The Armenian Church commemorates Theodosius I, the Roman Emperor (379 to 395) who put an end to the last of paganism and the Arian heresy in the empire (The doctrine denying the true divinity of Christ, named after the Alexandrian priest Arius c. 250–c. 336). He was recognised as a “just and mighty Christian emperor” and was called “the Great.” During his reign, he devoted considerable time and energy to the establishment of the universal and orthodox faith and deemed that the unlawful meetings of the heretics were not to be called churches.
He is also remembered for his pious behaviour. Ambrose, the Bishop of Milan, effectively excommunicated the Emperor, pending a public statement of repentance, as punishment for the massacre he had ordered in Thessalonica. Many scholars believe that the massacre was a result of the soldiers’ misinterpreting the Emperor’s orders. King Theodosius repented for eight months until he was able to walk into the church, thus taking part in the holy liturgy.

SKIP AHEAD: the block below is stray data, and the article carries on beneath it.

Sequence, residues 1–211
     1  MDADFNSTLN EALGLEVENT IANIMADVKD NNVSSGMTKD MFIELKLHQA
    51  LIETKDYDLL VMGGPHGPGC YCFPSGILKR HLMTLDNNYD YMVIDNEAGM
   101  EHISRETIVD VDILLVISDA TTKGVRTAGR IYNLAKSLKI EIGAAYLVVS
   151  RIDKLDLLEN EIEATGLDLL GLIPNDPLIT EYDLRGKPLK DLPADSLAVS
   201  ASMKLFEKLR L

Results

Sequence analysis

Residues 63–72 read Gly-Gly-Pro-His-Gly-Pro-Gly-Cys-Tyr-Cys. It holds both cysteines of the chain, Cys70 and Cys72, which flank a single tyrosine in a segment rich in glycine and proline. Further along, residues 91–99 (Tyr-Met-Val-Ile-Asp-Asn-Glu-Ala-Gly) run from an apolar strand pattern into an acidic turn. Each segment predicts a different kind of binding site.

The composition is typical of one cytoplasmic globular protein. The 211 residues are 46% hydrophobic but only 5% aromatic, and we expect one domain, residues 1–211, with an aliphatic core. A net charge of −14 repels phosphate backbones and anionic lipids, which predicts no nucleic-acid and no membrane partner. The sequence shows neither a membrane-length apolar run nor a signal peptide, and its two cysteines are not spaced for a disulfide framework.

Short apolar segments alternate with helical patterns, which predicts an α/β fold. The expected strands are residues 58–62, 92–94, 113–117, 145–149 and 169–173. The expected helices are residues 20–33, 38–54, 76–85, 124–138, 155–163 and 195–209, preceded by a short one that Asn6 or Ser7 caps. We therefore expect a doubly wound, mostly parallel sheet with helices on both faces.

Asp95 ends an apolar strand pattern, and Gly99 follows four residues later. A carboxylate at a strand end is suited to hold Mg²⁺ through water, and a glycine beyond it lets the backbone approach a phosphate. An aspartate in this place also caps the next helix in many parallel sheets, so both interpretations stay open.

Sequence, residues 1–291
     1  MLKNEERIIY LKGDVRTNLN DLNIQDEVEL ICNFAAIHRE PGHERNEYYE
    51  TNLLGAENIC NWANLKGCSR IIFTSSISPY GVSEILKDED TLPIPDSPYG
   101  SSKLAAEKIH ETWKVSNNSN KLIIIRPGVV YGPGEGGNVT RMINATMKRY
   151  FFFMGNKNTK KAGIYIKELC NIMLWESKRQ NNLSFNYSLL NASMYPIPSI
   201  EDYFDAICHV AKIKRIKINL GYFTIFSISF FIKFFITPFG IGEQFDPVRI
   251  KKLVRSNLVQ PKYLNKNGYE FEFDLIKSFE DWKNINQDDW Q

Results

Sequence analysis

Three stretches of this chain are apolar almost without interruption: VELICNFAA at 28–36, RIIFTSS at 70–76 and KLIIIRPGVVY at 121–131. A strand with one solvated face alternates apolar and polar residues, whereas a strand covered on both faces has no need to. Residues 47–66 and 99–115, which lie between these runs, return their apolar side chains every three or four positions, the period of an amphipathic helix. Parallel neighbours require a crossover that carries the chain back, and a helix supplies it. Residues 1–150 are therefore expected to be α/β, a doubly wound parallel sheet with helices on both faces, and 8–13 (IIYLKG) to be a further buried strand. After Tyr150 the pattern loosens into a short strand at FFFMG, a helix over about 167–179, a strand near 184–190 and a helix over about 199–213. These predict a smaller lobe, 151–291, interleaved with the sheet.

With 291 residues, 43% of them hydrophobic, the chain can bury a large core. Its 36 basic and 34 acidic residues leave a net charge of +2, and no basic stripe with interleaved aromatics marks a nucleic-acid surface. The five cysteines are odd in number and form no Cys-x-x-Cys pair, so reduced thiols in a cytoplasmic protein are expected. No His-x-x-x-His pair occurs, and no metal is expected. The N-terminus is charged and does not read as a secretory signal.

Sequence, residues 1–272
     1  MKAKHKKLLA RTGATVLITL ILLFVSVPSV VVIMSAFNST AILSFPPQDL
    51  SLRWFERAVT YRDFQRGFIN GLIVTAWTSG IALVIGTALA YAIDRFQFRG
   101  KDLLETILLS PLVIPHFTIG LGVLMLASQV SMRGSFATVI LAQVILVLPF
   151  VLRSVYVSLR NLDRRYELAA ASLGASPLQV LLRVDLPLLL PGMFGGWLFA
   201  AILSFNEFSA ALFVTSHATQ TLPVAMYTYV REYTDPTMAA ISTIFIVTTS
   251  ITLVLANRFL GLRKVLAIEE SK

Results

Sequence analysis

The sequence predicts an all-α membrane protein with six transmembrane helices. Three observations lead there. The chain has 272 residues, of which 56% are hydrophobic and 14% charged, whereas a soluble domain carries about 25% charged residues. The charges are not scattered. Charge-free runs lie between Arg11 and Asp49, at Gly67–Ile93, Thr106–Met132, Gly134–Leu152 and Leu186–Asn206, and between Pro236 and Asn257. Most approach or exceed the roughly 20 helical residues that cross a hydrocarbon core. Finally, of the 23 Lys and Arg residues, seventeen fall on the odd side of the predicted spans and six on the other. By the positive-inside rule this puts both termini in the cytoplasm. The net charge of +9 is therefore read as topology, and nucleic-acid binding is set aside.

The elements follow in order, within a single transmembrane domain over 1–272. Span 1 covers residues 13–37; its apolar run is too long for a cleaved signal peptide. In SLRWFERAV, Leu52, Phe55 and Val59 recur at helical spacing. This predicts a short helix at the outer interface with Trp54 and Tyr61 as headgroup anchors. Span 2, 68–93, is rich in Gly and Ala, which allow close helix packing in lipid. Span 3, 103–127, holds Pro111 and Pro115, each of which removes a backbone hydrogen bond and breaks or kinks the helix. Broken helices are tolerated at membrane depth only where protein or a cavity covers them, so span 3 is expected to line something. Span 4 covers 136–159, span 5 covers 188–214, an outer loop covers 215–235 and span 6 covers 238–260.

The legend of the Seven Children of Ephesus dates back to the 3rd century A.D, during the rule of Emperor Decius, who persecuted Christians. Seven youths, all children of notable men, secretly got baptised and were named Maximian, Marcian, Jamblichus, Dionysius, Constantine, Antonius and John. When they were exposed as Christians, they fled Ephesus in 250AD and hid in a cave outside the city walls and fell asleep for a century and a half. An earthquake opened the cave and awakened them in 389AD during the reign of Theodosius. When people became aware of that divine miracle, the king and the residents of Ephesus met the persecuted Christians with great respect and honour. The seven young men returned to the cave, where they passed away and were entombed, with the site becoming a shrine.